Do you wait 'on line' or 'in line'?

Depends where you're from
What to Know

Waiting in line is much more common than waiting on line, which is a phrase largely local to the New York City region. Both communicate the same meaning.

people queued up in airport

All queued up.

Small and meaningless variations in words are often held up as examples of education, geographic location, or, in some cases, a person's general trustworthiness. An example of this may be found in the way that the internet seems split between people who say "on line" (rather than "in line") and those who seethe with annoyance toward such people.

The line in question is one that we define as “an arrangement or placement of persons or objects of one kind in an orderly series,” and it really matters not at all whether you stand in it or on it. For much of the last several decades (since at least 1962, when Margaret Bryant covered the topic in Modern American Usage) on line has been viewed as peculiar to New York City (and the Hudson Valley).

Being in line—or “on” line as New Yorkers like to say—is a traumatic experience for most Americans.
— Karen DeWitt, The Washington Post, 23 Jul. 1977

If more than one person responds, all the others will have to get in line (or ''on line,'' in New York).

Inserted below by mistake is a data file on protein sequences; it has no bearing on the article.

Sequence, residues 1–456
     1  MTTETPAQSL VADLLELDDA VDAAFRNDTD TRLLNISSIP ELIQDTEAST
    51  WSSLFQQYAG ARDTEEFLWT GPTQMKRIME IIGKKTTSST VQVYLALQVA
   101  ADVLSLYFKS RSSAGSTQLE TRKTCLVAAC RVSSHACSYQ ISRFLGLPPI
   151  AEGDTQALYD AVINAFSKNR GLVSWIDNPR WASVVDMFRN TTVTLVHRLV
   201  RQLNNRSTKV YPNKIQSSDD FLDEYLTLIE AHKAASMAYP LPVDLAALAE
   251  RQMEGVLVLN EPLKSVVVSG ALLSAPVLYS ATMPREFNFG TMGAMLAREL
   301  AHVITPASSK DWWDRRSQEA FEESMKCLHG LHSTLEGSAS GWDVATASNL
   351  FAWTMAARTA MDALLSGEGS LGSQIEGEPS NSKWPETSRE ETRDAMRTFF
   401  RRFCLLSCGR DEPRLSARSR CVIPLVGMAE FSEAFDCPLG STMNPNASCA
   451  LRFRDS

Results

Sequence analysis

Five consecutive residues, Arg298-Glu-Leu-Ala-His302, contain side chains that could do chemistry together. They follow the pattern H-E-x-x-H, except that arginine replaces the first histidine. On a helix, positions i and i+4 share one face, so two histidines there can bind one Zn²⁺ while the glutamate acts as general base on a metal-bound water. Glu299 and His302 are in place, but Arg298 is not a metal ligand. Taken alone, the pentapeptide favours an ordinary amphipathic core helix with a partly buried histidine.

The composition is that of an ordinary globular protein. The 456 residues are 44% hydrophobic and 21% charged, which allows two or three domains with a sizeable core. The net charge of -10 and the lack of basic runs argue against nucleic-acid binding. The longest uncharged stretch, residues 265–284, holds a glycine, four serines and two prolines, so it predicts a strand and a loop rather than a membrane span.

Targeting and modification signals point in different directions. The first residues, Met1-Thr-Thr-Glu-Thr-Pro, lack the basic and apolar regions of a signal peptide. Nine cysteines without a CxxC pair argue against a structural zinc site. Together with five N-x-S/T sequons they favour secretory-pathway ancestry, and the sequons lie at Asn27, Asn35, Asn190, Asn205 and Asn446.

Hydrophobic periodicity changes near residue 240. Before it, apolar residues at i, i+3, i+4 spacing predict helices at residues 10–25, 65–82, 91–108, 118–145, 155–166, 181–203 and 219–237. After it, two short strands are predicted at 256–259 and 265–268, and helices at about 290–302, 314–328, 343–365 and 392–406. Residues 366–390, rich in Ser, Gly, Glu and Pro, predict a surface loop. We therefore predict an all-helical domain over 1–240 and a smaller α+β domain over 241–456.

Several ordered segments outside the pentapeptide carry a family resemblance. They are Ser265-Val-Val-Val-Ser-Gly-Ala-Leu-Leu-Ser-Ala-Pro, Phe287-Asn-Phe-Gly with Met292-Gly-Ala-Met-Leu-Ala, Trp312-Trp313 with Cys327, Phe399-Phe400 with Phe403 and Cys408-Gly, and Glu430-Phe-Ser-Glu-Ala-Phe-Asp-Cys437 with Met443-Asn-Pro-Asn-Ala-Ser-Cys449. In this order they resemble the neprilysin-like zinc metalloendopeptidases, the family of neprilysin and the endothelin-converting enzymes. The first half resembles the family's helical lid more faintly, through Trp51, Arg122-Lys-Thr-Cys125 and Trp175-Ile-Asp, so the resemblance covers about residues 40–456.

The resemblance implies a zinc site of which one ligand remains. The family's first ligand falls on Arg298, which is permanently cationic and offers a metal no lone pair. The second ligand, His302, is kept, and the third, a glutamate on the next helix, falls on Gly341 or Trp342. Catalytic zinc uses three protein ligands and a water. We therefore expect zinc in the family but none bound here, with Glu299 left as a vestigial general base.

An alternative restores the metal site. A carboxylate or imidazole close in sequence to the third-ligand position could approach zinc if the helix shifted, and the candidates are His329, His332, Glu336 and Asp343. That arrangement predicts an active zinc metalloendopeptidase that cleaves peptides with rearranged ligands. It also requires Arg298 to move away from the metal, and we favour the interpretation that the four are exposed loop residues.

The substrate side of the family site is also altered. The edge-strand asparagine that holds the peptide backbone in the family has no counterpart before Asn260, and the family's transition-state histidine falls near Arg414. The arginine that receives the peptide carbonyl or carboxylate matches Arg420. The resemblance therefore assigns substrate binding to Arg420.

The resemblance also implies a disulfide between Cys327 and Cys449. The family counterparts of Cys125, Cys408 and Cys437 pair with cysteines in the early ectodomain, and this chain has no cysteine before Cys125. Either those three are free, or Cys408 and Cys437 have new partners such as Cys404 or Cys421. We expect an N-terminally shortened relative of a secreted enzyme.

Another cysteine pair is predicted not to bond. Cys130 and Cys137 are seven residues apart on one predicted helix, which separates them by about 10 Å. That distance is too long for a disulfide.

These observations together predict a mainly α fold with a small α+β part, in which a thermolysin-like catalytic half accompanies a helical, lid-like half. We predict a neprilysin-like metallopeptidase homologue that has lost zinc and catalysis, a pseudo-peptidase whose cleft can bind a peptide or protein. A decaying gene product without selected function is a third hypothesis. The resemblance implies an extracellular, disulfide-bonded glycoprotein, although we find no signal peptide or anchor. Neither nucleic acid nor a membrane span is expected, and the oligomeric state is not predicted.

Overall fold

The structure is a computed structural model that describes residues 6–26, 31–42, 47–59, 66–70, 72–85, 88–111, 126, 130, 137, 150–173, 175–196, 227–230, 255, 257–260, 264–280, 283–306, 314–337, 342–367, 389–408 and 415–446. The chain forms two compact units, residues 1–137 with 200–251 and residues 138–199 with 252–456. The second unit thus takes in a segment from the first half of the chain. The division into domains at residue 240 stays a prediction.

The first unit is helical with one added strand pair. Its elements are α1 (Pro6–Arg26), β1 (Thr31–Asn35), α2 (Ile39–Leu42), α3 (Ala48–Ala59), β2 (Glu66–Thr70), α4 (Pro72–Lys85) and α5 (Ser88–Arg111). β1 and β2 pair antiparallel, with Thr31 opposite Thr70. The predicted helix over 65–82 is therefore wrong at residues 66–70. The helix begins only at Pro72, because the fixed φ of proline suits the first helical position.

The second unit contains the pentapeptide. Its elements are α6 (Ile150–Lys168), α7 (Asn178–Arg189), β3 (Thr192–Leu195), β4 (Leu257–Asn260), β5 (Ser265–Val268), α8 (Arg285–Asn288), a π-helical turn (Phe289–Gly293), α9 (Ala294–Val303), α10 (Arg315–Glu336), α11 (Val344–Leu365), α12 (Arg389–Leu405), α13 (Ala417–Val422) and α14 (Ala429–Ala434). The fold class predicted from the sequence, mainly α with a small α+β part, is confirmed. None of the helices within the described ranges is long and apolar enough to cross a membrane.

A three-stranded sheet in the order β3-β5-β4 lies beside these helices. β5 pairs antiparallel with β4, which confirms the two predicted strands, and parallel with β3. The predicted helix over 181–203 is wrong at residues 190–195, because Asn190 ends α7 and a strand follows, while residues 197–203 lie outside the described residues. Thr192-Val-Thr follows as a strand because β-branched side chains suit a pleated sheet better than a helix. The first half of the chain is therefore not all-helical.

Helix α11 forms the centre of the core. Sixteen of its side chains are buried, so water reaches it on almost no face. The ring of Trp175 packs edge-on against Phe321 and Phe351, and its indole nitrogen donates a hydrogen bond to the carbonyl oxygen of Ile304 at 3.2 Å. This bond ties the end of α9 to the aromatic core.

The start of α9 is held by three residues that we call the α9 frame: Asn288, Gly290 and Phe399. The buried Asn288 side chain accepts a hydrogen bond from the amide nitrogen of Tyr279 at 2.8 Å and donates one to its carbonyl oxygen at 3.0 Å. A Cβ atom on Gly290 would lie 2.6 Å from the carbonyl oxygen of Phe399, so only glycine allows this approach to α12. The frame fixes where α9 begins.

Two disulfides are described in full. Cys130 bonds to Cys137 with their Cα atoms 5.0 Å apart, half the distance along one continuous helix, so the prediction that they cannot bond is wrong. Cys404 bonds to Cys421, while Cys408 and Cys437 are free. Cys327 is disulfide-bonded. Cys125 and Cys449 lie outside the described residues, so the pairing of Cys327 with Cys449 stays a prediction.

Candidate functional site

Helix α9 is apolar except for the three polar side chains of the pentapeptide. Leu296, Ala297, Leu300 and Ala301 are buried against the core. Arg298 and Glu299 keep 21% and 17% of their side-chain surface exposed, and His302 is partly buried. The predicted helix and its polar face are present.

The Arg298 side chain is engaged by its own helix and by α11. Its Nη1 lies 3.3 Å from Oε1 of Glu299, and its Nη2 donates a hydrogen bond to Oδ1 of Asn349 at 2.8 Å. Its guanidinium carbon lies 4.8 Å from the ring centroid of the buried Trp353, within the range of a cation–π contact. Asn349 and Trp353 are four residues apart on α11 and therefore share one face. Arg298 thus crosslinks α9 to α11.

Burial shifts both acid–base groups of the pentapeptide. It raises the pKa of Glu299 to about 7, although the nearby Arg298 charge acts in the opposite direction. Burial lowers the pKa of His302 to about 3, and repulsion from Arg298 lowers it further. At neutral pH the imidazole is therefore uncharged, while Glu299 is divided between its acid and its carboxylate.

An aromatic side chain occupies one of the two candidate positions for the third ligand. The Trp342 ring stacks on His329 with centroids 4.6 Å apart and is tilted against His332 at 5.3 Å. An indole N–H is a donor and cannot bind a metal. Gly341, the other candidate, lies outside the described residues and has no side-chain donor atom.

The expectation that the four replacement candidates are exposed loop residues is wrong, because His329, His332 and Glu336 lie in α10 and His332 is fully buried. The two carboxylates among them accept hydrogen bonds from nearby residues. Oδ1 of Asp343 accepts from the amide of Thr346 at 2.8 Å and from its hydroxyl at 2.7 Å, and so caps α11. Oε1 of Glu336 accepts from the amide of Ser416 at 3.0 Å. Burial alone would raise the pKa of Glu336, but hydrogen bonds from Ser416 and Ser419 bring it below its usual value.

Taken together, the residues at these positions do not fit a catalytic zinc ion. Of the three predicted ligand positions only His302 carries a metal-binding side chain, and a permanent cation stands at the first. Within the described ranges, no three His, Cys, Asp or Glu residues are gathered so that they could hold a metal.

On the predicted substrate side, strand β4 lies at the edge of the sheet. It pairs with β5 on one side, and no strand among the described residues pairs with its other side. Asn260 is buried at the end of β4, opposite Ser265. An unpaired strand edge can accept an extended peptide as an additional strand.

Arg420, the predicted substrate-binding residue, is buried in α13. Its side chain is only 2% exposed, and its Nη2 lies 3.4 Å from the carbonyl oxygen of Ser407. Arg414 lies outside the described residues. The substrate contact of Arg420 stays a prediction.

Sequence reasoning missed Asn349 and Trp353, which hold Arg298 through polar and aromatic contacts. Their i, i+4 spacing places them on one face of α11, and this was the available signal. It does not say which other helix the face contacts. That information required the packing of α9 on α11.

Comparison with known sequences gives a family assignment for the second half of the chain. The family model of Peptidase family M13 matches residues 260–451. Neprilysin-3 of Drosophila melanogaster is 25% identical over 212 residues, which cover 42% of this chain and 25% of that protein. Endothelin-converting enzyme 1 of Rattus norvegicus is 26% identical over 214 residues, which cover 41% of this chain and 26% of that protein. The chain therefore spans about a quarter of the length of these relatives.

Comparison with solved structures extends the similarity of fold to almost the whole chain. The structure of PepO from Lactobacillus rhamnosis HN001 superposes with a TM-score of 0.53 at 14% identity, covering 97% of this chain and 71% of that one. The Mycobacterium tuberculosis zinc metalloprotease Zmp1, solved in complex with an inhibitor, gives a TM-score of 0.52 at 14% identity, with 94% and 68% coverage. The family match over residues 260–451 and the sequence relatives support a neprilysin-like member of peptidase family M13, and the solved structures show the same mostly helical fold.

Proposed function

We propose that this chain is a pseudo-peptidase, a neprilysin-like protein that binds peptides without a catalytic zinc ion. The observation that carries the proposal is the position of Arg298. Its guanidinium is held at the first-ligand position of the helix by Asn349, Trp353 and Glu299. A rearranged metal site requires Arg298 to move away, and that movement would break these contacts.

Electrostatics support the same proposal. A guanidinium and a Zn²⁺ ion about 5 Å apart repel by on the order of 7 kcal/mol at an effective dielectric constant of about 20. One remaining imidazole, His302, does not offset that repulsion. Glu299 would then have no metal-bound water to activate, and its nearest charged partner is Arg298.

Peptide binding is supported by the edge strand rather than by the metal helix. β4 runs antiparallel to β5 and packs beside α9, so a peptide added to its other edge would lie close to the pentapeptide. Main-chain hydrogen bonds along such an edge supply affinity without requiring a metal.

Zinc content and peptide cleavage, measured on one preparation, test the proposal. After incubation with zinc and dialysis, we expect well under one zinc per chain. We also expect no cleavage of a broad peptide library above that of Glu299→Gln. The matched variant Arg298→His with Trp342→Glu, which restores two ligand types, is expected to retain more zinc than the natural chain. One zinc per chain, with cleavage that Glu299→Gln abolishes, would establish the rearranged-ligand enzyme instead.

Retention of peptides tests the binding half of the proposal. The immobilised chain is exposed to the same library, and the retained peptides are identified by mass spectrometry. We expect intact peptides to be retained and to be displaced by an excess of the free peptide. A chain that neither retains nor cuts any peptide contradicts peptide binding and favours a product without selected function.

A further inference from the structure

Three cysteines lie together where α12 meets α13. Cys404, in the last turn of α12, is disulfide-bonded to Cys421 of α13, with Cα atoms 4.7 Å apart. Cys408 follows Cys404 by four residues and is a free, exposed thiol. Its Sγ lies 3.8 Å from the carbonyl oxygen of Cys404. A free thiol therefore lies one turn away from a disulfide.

— William Safire, The New York Times, 26 Apr. 1981

On the corner of Carroll and Cordova Streets on the set of the Showtime TV movie When A Stranger Calls Back the other day, I noticed Charles Durning (Evening Shade) standing in line (or on line, as they say in New York) at the catering truck to pick up his lunch.
— Lynne McNamara, The Province (Vancouver, BC), 6 Nov. 1992

The use of on line is of course not restricted to this one small area on the Eastern seaboard, and numerous examples of wide-spread use may be found, going back to the early 20th century.

Old men and mothers give up the endless waiting on line for enough bread to keep body and soul together and prefer to suffer slow starvation rather than to be turned away empty-handed after hours of vigil.
Forth Worth Star-Telegram (Fort Worth, TX) 25 Mar. 1917

This request is made to avoid disappointment as well as for the comfort of not having to be crushed in a big crowd and waiting on line for a long time at the grounds.
The Evening News (San Jose, CA), 29 May 1917

Standing (or waiting) in line remains very much more common than on line. And while on line may account for but a small percentage of use (outside of the New York region), it should not be considered as evidence of a lack of moral fiber, educational levels, or grammatical standards.